I’m very excited about a new book from Zondervan by Murray Harris. I had Harris at seminary for a class and he was the commencement speaker at my graduation from Trinity. He is a brilliant man with a deep passion for God. The book is Prepositions and Theology in the Greek New Testament. Harris writes,
“I have long believed—and taught—that there are four areas of Greek grammar that produce the most handsome dividends when special attention is given to understanding them. These ‘Big Four’ are the aorist, the genitive case, the article, and prepositions. Of prepositions it has been rightly said, ‘An in-depth knowledge of a language is not attained until one has total mastery of its prepositional system.’” (14)
Based on this appreciation this book is an expansion of a lengthy appendix written by Harris in volume 3 of The New International Dictionary of the New Testament Theology edited by C. Brown. Harris considers all 17 New Testament ‘proper’ prepositions and all 42 ‘improper’ prepositions “are briefly treated, with a detailed consideration of seven theologically significant occurrences.” (13) An example of the latter is the discussion below of the much-discussed translation of Luke 17:21, “the kingdom of God is among you.” This book will be of most use to advanced Greek students but pastors will not want to ignore it and can benefit greatly from much of the material. I recently read an author’s discussion of Luke 17:21. I was stunned that he said Bible translators were “misdirecting” people by translating it as among instead of within. He then quite simply stated “entos doesn’t mean among.” I found his treatment superficial and unnecessarily dogmatic. I commend to you this carefully reasoned treatment from Harris. You may not agree with where he lands but at least you will have a good grasp of the issues involved.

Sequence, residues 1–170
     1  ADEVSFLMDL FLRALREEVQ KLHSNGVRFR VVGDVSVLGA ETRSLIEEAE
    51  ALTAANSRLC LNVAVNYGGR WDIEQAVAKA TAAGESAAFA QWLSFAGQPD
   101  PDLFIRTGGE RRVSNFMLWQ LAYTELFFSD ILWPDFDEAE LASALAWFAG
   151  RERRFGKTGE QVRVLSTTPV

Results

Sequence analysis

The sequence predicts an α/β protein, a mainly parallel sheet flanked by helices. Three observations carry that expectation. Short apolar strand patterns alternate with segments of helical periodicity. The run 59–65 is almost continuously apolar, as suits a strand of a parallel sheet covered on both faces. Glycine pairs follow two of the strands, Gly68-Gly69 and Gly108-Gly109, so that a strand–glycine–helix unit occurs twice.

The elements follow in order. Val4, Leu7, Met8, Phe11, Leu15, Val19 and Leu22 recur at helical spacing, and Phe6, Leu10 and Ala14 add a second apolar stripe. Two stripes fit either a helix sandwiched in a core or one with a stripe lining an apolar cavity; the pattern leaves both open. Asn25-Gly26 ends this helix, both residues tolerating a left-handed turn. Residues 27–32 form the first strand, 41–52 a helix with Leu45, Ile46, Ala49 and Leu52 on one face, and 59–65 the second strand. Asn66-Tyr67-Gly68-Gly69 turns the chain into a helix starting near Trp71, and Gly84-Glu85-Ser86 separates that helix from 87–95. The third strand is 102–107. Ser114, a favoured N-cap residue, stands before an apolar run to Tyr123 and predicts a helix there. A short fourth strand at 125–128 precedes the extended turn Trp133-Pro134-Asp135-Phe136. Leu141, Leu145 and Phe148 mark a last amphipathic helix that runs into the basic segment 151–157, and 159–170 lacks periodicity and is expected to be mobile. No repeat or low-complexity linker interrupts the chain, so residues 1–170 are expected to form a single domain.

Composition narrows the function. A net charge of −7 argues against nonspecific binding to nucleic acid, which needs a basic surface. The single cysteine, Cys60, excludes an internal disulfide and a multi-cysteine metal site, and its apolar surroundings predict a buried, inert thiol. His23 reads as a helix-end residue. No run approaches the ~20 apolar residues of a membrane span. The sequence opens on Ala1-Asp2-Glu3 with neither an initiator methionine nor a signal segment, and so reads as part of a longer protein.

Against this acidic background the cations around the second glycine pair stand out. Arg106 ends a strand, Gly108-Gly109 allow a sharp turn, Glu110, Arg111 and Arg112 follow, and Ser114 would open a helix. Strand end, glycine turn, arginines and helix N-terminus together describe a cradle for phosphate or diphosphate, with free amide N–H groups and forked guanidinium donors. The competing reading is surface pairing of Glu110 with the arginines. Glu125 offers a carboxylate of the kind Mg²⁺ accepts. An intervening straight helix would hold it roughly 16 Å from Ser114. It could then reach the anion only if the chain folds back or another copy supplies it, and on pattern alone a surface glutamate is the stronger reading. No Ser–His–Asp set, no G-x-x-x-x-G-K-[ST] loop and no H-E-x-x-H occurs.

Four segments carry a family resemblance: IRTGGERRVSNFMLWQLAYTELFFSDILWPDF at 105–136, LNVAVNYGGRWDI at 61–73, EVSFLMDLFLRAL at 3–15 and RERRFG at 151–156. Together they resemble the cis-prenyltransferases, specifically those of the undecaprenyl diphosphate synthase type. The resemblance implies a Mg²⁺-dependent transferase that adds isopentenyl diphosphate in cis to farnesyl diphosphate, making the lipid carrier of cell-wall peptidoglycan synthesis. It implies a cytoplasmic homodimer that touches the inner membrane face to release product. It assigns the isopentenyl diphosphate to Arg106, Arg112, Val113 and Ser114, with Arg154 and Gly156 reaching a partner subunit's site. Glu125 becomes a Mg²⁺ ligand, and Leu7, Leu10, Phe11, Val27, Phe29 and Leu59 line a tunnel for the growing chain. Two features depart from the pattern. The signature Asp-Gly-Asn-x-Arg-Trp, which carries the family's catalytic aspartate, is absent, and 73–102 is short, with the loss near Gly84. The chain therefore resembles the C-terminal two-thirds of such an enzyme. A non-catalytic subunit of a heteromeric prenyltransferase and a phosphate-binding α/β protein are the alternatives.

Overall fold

“A clear indication of the scholarly uncertainty about the meaning of ἐντός in this verse may be gained from the fact that of the 25 major EVV, ten have a footnote giving an alternative rendering, four give two alternatives, and one (REB) lists three.”
“There are three main proposed rendering of ἐντὸς ὑμῶν.
- “Within you” (KJV, TV, TCNT, Weymouth, Goodspeed, Barclay, GNB, NIV (1983); LSJ 577a [‘in your hearts’]; Robertson 641; Turner, Insights 61-63). ‘Within’ is undoubtedly the essential meaning of ἐντός (see LSJ 577a-b; Mayser 530 for the papyri; and not ἐντός μου, ‘within me,’ is Pss 38:4; 108:22, LXX). But even if ὑμῶν is generic, the primary referent is the Pharisees, and it seems unlikely, in light of Lk 11:37-54 (esp. vv. 52-54), that Jesus is paying them ‘the compliment of allowing that within their hearts too the Spirit and the kingdom were at work’ (Insights 62). And nowhere else does Luke speak of the kingdom as an internalized, subjective reality; people enter the kingdom rather than the reverse.
- “Among you’ (NEB, JB, NJB, NAB (1988), Cassirer, NRSV, REB, NLT HCSB, TNIV/NIV (2011); H. Riesenfeld, TDNT 8:150). BDAG suggests ἐντὸς ὑμῶν ‘is probably after ἐν σοί (= [God] is among you)’ in Isa 45:14 (340d).
- “In your midst” (Moffatt, RSV, NASB (1960, 1995), NAB (1970), ESV, BDAG 350d; H. Riesenfeld, TDNT 8:150). It is true that elsewhere Luke expresses this sense by ἐν μέσῳ ὑμῶν (as in Lk 22:27; Ac 2:22) but parallels for this meaning of ἐντὸς may be found in SS 3:10 (in the midst of [ἐντὸς] King Solomon’s carriage was a mosaic pavement) and Polycarp, Pol 3:3 (‘If anyone is in the midst of these [faith, hope, love] [τούτων ἐντὸς] = is engrossed in these virtues, he has fulfilled the commandment of righteousness’).
On this third view, which is to be preferred, Jesus is directing a challenge to the Pharisees and soliciting a response. ‘I myself embody the kingdom you are enquiring about (cf. Lk 10:9, 11; 11:20); it is right here before your very eyes.’ He is saying in effect, ‘Look at what lies in front of you,’ to borrow a Pauline expression (τὰ κατὰ πρόσωπον βλέπετε, 2Co 10:7). They do not need to search elsewhere for signs of the kingdom’s presence. (260-61)
Prepositions and Theology in the Greek New Testament is from Zondervan. It is a hardcover with 304 pages and sells for $42.99.
Murray J. Harris is professor of New Testament Exegesis and Theology at Trinity Evangelical Divinity School in Deerfield, Illinois. Previously he was Warden of Tyndale House, a biblical research library in Cambridge, England. He presently resides in New Zealand.